Sports & Games

What Is a Straight Draw? Learn How to Play a Straight Draw in Poker

Written by MasterClass

Sep 9, 2019 • 3 min read

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Poker strategy when holding a draw is not as straightforward as you might think at first glance. There are many pitfalls where you can lose too many chips if you are not fully prepared. Learning how to navigate around all the different possible lines is a part of mastering your fundamentals.



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What Is a Straight Draw in Poker?

A straight draw is when you have four of the five cards needed to make a straight. This doesn’t necessarily mean that you hold two of the cards and the other two are on the board. It can also be one of your hole cards and three on the board.

The poker hand rankings are:

  1. Royal flush
  2. Straight flush
  3. Four-of-a-kind
  4. Full house
  5. Flush
  6. Straight
  7. Three-of-a-kind
  8. Two pair
  9. Pair
  10. High card

What Is an Open-Ended Straight Draw?

An open-ended straight draw is one that has four connected cards needing to hit one of four outs at one end or one of the four at the other end for a total of eight outs. For example, if the flop comes down Kh 4s 3c and you hold 6h 5h then any deuce or seven will complete a five-card straight.

What Is an Inside Straight Draw?

An inside straight draw is one that only has four outs to complete the draw. For example, on a Qh 9c 5c flop if you hold 8d 7d then any six will complete a five-card straight. This hand is less valuable than an open-ended straight draw because you will only hit your draw half as often.

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How to Play a Straight Draw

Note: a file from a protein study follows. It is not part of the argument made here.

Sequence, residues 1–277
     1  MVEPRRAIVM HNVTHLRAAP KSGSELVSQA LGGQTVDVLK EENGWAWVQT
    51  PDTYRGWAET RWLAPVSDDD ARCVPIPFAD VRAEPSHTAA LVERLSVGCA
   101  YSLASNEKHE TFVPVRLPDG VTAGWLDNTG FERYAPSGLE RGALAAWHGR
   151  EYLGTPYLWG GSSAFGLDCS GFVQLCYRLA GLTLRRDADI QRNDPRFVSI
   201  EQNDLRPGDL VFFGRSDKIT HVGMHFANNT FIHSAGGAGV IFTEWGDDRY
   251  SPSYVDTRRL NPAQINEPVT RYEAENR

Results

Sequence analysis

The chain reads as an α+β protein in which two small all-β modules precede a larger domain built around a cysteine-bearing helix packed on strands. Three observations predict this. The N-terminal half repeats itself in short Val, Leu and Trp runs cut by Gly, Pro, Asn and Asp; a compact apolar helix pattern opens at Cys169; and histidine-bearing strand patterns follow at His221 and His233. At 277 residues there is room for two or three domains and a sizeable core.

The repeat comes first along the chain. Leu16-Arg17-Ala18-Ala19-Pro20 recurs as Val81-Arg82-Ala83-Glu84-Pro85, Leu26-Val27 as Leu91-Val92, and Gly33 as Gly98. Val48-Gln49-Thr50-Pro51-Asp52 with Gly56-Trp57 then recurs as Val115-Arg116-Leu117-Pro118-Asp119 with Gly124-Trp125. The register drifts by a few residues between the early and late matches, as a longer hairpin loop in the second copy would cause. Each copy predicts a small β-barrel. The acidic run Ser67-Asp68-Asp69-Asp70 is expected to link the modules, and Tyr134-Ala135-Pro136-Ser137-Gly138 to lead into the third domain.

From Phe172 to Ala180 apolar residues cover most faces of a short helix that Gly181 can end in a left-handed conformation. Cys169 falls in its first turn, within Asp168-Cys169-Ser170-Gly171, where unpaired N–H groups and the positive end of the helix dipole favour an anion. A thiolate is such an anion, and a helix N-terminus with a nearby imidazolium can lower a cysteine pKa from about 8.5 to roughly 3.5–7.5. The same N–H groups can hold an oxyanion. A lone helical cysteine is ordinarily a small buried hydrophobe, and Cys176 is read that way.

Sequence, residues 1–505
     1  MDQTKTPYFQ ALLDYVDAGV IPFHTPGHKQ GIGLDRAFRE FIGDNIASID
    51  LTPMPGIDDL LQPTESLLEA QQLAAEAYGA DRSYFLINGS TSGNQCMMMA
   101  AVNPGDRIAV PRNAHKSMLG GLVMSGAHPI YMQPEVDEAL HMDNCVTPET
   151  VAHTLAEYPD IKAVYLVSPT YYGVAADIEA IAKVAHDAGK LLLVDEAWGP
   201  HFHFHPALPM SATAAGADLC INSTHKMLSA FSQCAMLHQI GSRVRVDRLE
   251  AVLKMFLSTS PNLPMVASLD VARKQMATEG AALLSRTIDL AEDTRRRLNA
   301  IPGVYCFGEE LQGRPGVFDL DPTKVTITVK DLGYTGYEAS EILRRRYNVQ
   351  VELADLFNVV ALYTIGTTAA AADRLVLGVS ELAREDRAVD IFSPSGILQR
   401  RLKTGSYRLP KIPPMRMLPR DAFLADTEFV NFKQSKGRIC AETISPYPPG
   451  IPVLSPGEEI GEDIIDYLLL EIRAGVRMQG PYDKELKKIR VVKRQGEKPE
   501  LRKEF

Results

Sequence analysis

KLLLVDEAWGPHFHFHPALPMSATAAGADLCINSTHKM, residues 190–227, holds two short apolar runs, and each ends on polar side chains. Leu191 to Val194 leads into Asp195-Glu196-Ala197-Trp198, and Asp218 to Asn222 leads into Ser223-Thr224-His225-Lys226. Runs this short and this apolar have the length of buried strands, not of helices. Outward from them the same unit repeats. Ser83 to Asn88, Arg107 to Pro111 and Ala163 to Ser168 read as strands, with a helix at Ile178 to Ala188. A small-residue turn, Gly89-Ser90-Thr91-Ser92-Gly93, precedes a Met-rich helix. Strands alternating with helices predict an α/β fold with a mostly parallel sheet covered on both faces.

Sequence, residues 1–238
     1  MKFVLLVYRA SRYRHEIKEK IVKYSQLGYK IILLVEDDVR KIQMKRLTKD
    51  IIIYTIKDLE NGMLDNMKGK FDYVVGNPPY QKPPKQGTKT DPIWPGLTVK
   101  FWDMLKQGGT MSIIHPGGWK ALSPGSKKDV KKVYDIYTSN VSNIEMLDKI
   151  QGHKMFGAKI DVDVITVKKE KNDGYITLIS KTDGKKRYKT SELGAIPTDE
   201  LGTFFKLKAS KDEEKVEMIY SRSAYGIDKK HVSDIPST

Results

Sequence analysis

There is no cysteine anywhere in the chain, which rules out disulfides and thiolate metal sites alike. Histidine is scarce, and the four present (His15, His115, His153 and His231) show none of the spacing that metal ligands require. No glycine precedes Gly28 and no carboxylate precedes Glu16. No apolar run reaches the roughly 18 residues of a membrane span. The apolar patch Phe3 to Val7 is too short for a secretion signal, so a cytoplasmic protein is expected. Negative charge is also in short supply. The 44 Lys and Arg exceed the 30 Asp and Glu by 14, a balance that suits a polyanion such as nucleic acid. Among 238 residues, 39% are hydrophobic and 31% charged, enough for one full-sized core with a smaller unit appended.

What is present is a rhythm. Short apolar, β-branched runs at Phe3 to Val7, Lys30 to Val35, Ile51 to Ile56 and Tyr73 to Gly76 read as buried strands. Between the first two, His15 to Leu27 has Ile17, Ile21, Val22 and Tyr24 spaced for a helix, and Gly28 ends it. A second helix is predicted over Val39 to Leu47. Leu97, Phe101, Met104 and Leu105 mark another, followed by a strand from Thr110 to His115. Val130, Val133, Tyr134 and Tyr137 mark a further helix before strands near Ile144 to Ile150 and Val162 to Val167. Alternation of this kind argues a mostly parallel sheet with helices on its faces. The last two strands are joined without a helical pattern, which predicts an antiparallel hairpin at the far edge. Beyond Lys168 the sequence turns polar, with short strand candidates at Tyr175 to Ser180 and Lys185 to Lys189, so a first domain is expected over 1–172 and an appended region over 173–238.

Straights are powerful hands, but, just like flushes, they are vulnerable to being outdrawn. Frequently you will draw to a straight only to discover that your opponent has completed their draw to a flush or full house. You must always bear this in mind when deciding whether or not to continue in the hand.

One advantage straights have over flushes is that they are more disguised. Particularly when the players in the hand are in a late position battle and preflop ranges are at their widest.

  • With wide preflop ranges, each player will frequently have some combinations of the hole cards that can make a straight.
  • The benefit of a disguised strong hand is that your opponent will often think it is highly unlikely that you hold it, making it more likely that he will pay you off with a second-best hand.

You must also consider how much aggression is appropriate against a particular opponent. If you do not have much fold equity, then betting and raising before you make your hand is going to lose chips because you almost always have less equity than any made hand.

  • The idea behind betting aggressively is to hope your opponent folds and forfeits their equity share in the pot—usually with the best hand. This approach is called semi-bluffing. You are bluffing because your hand is worthless at a showdown, but it still has the potential to become a monster. Betting on the flop, turn, and river represent a monster hand that your opponent will find difficult to call on many board run-outs.
  • Another situation is that you can raise your opponent’s continuation bet and look to bet again on the turn and river regardless of if you make your hand. These strategies come with a warning label though, because you must be competent enough to understand hand ranges, and your opponent’s tendencies, to know when this line is appropriate.

The most common straight draw scenarios you will experience is when you are drawing to eight outs for an open-ended straight draw.

  • With eight outs and 47 unseen cards, on the flop, the odds of making your draw are 8/47 = 0.17 * 100 = 17%. Expressed as a ratio this is 83:17, or scaled-down 4.88:1, after dividing both sides of the ratio by 17.


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Want to Become a Better Poker Player?

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